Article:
AI Case Study
BP reduces methane emissions by 74% and increases production volume by 20% by optimising oilfield well valve functions with AI modelling
BP is trialling a modelling system which uses current and historic oilfield data to build a simulation and test the effects opening and closing valves at different production sites on gas emissions, which has resulted in decreased methane coming from the vents by 74%, increased production volume of 20% and overall costs decrease of 22%.
Oil And Gas
Working with vendor Kelvin Inc., BP has "outfitted hundreds of Wamsutter wells with arrays of cheap sensors that gather and transmit oceans of data into supercomputers where A.I.-driven algorithms crunch endless optimization simulations. Sensors like accelerometers and 'hyperspectral' methane-detecting cameras can feed data (via cellular network) about every aspect of the field into Kelvin's AI network. They’ve also incorporated decades of maintenance records and even weather data. Paired with lidar scans of the field, BP has built a 'digital twin' of the field, pinpointing where every bit of kit is located. A production pad gathers the oil and gas volumes from numerous wells. There’s dozens of pads in a field. In a field like Wamsutter, what happens at one pad often impacts others. So to figure out how best to have all these pads and wells working together, Kelvin’s algorithms seek to solve a 'pad optimization model.'”
“ 'In six months we went from concept to proven. It works on every type of well—plunger, rod pump, all of them.' BP claims:
* methane vented from affected wells is down by 74%
* production volumes are up 20%
* overall cost decrease of 22."
"Kelvin’s software runs endless simulations and regressions, the better to prioritize preventative maintenance. The system learns in part by tinkering—opening and closing valves and watching to see what happens to the pressures and flow rates, not just in that well or that pad, but also cross-referencing the effect that a tweak on one side of the field might have on well pressures miles away."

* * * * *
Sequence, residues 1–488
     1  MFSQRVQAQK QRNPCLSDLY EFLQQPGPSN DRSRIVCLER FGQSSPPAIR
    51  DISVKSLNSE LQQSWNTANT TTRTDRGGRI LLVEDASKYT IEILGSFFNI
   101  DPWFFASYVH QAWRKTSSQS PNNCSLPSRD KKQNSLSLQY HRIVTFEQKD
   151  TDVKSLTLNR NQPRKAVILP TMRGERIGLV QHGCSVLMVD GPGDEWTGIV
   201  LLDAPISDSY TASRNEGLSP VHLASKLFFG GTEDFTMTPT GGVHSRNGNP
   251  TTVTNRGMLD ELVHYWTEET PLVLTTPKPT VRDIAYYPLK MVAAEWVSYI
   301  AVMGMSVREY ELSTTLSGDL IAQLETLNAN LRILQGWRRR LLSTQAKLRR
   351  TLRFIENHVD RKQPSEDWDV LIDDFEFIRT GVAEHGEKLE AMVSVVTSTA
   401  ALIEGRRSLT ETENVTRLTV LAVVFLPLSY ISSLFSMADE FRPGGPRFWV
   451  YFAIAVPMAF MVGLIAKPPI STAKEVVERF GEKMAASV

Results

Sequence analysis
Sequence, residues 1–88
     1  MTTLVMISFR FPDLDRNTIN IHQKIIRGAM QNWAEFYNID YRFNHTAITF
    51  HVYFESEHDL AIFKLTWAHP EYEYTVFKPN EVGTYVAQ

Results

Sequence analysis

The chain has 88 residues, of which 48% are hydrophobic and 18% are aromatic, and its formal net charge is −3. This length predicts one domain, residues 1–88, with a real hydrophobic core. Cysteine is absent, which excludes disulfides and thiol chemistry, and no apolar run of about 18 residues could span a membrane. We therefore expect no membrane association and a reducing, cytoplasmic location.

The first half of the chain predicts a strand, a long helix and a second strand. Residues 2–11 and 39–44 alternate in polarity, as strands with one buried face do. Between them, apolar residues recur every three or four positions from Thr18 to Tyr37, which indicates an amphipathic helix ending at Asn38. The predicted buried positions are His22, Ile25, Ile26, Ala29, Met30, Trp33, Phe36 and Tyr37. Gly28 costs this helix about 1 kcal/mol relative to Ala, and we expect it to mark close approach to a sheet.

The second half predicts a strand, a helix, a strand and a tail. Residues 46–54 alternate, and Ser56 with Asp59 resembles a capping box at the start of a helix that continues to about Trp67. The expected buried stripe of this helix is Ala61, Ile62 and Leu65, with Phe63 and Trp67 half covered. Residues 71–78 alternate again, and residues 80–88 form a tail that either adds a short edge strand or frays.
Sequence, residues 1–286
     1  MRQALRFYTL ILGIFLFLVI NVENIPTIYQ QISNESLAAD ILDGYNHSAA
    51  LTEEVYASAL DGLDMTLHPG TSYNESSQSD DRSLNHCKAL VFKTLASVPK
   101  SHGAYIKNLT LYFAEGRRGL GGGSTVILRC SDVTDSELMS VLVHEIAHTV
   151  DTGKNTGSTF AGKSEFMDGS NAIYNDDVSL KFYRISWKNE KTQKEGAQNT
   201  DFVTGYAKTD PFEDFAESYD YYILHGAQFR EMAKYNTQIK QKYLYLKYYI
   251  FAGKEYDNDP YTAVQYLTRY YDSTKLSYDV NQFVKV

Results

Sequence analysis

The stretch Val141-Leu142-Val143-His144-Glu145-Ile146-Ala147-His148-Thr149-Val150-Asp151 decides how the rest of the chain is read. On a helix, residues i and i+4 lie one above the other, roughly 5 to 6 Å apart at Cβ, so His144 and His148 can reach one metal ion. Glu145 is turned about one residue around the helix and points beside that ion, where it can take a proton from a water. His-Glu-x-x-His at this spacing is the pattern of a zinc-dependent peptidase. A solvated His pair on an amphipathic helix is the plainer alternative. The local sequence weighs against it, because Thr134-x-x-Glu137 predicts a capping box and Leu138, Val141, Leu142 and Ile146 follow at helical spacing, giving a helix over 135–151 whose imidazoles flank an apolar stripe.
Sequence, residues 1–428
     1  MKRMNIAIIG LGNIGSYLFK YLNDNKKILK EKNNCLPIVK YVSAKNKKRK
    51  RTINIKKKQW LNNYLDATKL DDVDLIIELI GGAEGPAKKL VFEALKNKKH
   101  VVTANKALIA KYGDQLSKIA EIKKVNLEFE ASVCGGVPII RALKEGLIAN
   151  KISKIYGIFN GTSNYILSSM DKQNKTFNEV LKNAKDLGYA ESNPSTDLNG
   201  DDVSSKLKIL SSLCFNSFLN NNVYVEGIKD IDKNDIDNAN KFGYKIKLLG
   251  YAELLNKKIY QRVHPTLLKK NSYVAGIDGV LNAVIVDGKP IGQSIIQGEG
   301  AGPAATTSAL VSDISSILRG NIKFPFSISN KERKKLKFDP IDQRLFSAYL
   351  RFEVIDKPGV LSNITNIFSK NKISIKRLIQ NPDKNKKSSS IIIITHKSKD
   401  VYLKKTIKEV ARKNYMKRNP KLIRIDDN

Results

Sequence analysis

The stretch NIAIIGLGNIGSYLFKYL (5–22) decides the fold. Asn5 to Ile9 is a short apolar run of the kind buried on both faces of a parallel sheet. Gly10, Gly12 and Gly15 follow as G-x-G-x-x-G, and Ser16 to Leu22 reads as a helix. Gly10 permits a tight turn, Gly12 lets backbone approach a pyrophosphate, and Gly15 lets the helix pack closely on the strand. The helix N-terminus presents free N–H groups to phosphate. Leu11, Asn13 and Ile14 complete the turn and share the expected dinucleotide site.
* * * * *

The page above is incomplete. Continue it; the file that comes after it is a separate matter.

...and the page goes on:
"BP’s global operations emit the equivalent of 50.5 million tons of carbon dioxide per year. That’s down from 54.1 million four years ago. By 2025 the aim is for 3.5 million tons more of 'permanent, quantifiable greenhouse gas reductions.' One of the best spots to reduce emissions is right in BP's oil and gas fields. BP figures that half of its fugitive methane emissions—a fancy way of saying natural gas leaking out of pumps and pipes—come from its operations in the Lower 48. And a good portion of those happen in mature fields like the one near Wamsutter, in the Great Divide Basin of Wyoming. BP has drilled thousands of wells there in the past two decades and plans thousands more. Keeping all those wells operating cleanly in the windy high desert is a challenge. Even after years of continuous improvements in automation and preventative maintenance, parts still break and wells regularly get 'loaded up'—where too much naturally occurring water builds up in the pipe such that the gas can no longer bubble out and the well stops flowing. The process of de-watering a well invariably releases a burp of backed-up methane—a fugitive emission."
maintenance records, weather data, hyperspectral image data, accelerometer data, lidar scans